Global clothing retailers, including Fast Retailing and Marks & Spencer, are discontinuing their outsourced production in Myanmar due to concerns over human rights violations, labor issues, and operational difficulties. The military coup in February 2021 has resulted in the departure of many foreign firms, particularly those with joint ventures with local partners connected to the military. Some clothing brands continue to outsource production to small factories in Myanmar; however, some are leaving due to their inability to improve the country's rock-bottom wages and severance benefits under the local system.
Fast Retailing, which owns the Uniqlo casual wear chain, is the most recent company to leave Myanmar, removing its partners from its list of garment and processing factories. Muji also plans to end sourcing of down jackets and other items from Myanmar by August. Marks & Spencer announced last year that it would exit by March, and Primark has also stated that it is leaving Myanmar.
The daily minimum wage for factory workers has remained at 4,800 kyat ($1.68 at market exchange rate) since 2019, and workplace conditions remain unaddressed under military rule. Increasing power outages and logistics breakdowns pose risks to the management of product deliveries.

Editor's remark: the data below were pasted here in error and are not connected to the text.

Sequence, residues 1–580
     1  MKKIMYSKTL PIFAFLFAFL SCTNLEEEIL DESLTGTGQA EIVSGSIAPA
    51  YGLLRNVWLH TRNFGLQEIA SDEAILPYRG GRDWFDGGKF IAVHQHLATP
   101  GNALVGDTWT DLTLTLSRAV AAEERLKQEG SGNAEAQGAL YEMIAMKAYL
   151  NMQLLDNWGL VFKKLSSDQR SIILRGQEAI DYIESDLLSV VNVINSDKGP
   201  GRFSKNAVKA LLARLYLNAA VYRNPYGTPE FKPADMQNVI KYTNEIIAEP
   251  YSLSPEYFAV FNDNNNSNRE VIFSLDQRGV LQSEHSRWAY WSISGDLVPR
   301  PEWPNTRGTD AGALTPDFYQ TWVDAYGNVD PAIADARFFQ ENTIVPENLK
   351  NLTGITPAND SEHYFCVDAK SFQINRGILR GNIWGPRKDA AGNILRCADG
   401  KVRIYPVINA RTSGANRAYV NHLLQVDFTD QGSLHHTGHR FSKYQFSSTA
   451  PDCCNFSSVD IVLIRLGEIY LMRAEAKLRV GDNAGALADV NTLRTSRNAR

The European Union and the European Chamber of Commerce in Myanmar have established a network promoting appropriate levels of employment and will create a framework for monitoring labor conditions. However, responsible withdrawal is a challenge for global firms, and they typically avoid making any immediate decisions due to concerns for the many people in Myanmar who depend on international companies for their livelihoods.
The departure of foreign companies from Myanmar is likely to have a significant impact on the country's economy, which has already been affected by political instability. Clothing exports are a significant source of revenue for Myanmar, with the European Union, Japan, and the United States all reporting record-high imports from the country last year, totaling $4.7 billion. The loss of these exports could further destabilize Myanmar's already fragile economic situation.
As more brands leave Myanmar, consumers may start to demand greater transparency and accountability from the companies they purchase from.